I suppose nothing The Episcopal Church does should shock me any more. Nonetheless, it does.
In this holiest of Christian seasons, on the evening before Passion Sunday, the Cathedral of All Souls Episcopal Church in Asheville, N.C., hosted an event in its parish hall for an organization called The Mother Grove Goddess Temple. The purpose of the event? To celebrate the spring equinox of course. Wait, you say, that's not Christian, that's pagan. But there's more. According to Mother Grove's website, its mission "is to create and maintain a permanent sanctuary where people of all faith traditions may openly and safely celebrate the Divine Feminine." According to Byron Ballard, a Wiccan priestess and a member of the temple, Mother Grove "isn't a Wiccan group, though some of us are Wiccans." Just in case you were wondering, Ballard goes on to explain that "Wiccans may also refer to themselves as witches."
Here's Mother Grove's description of the event: "The celebration will consist of raising a circle, singing, 'whistling in the wind' and flying prayers written on paper airplanes. Ballard will lead the ritual, explaining that it is a joyful expression of the beginning of spring and coming together as a community."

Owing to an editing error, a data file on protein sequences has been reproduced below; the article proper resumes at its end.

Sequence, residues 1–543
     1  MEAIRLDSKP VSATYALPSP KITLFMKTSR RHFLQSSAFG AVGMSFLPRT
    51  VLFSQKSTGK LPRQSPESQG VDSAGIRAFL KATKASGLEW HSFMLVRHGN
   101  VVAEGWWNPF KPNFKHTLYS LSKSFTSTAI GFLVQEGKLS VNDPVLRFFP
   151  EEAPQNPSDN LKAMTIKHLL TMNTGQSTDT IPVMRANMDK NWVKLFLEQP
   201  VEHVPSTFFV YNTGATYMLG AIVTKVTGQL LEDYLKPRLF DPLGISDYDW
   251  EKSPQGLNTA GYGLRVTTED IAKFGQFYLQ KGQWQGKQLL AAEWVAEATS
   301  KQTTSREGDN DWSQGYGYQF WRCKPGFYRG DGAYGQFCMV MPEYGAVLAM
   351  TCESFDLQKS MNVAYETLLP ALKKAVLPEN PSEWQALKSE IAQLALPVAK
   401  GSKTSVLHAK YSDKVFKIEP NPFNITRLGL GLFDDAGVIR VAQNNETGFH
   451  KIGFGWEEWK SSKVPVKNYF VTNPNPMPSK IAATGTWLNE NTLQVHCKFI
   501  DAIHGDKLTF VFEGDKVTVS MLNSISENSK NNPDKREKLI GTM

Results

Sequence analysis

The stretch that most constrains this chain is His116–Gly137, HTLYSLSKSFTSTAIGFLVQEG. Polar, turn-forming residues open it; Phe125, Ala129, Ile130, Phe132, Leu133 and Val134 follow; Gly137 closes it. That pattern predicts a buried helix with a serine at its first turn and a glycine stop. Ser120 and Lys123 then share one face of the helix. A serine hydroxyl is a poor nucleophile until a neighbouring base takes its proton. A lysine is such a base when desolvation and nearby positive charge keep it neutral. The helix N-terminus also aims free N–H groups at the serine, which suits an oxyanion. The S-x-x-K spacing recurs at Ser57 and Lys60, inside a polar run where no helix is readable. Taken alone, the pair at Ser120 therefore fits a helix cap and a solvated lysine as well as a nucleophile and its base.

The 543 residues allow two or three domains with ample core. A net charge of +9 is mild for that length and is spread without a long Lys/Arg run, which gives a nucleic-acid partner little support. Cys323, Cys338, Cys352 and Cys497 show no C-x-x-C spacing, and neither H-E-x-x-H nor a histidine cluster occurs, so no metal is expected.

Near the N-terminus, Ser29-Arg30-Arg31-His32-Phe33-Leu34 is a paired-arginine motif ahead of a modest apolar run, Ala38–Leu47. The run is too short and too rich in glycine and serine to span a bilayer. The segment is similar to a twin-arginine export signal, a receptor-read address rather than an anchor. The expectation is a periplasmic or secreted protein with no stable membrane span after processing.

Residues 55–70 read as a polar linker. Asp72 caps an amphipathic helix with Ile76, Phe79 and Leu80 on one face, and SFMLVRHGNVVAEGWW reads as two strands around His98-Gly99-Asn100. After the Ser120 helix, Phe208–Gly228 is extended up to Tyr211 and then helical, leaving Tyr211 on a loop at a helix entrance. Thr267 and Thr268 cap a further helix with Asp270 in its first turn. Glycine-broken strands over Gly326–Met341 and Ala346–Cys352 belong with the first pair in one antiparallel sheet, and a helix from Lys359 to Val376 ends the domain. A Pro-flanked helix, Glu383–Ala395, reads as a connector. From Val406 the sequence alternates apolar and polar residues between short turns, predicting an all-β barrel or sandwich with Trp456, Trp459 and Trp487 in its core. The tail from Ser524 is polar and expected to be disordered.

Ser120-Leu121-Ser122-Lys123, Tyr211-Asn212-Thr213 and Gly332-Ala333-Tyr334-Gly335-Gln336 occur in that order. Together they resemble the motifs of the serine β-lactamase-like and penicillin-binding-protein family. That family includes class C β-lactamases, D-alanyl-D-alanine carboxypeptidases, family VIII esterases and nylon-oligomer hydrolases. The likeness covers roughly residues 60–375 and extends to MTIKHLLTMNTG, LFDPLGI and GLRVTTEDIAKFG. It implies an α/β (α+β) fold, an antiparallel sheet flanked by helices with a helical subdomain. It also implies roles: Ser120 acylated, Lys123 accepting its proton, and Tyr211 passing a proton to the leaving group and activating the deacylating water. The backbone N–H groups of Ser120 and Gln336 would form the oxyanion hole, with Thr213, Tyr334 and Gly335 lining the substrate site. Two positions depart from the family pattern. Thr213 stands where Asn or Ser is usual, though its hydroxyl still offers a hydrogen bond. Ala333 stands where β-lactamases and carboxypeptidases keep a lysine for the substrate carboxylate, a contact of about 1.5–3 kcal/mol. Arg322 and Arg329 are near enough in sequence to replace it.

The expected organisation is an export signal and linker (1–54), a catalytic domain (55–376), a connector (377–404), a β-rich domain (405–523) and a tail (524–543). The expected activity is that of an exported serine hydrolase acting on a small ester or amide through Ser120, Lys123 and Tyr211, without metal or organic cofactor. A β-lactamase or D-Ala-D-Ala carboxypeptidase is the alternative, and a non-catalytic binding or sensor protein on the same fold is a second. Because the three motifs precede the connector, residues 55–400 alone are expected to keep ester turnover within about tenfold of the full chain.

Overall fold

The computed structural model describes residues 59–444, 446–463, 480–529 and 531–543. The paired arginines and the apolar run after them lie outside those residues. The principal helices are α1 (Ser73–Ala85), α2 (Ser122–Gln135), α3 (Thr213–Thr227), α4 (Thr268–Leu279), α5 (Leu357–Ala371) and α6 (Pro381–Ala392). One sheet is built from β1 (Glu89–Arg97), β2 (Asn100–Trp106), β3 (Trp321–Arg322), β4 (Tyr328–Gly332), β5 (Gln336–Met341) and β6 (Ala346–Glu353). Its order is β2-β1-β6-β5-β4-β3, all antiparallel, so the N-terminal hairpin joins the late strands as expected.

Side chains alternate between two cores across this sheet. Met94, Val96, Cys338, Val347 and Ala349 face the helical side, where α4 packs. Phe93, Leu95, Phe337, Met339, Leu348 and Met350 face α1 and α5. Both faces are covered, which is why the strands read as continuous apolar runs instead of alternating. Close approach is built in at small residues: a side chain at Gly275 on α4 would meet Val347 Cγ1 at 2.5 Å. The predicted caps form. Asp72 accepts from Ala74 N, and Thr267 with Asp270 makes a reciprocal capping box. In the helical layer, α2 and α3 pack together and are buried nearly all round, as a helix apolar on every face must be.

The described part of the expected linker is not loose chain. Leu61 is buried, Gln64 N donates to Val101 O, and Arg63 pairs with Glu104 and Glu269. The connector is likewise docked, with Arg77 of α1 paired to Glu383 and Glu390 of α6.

Many churches rent their parish halls to community organizations like the Boy Scouts and Alcoholics Anonymous. But to organizations whose teachings are entirely incompatible with traditional Christian beliefs? Oh, wait. The Episcopal Church (TEC) doesn't care about traditional Christian beliefs. Probably more important to them was the fact that the Saturday event was "open to all faith traditions." I'd be curious to know if they'd play host to traditional Anglicans (like myself) who oppose the direction TEC has taken. Somehow I think not.
As one person speculated on the StandFirm website, devoted to traditional Anglicanism, I wonder if it would be reasonable to say that All Souls Episcopal Church isn't a Christian group, though some of them might be Christians.